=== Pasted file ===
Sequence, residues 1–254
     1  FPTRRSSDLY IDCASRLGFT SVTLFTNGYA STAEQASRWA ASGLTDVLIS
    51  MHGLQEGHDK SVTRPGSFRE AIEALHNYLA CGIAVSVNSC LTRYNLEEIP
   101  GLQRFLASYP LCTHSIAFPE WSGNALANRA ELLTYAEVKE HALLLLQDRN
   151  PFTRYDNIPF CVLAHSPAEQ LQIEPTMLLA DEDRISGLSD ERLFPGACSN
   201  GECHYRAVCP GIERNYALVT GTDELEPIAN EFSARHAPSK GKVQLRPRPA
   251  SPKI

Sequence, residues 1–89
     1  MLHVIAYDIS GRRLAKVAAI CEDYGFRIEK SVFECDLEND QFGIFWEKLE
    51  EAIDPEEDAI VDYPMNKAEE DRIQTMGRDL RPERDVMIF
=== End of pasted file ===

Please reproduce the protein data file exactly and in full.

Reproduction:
Sequence, residues 1–254
     1  FPTRRSSDLY IDCASRLGFT SVTLFTNGYA STAEQASRWA ASGLTDVLIS
    51  MHGLQEGHDK SVTRPGSFRE AIEALHNYLA CGIAVSVNSC LTRYNLEEIP
   101  GLQRFLASYP LCTHSIAFPE WSGNALANRA ELLTYAEVKE HALLLLQDRN
   151  PFTRYDNIPF CVLAHSPAEQ LQIEPTMLLA DEDRISGLSD ERLFPGACSN
   201  GECHYRAVCP GIERNYALVT GTDELEPIAN EFSARHAPSK GKVQLRPRPA
   251  SPKI

Sequence, residues 1–89
     1  MLHVIAYDIS GRRLAKVAAI CEDYGFRIEK SVFECDLEND QFGIFWEKLE
    51  EAIDPEEDAI VDYPMNKAEE DRIQTMGRDL RPERDVMIF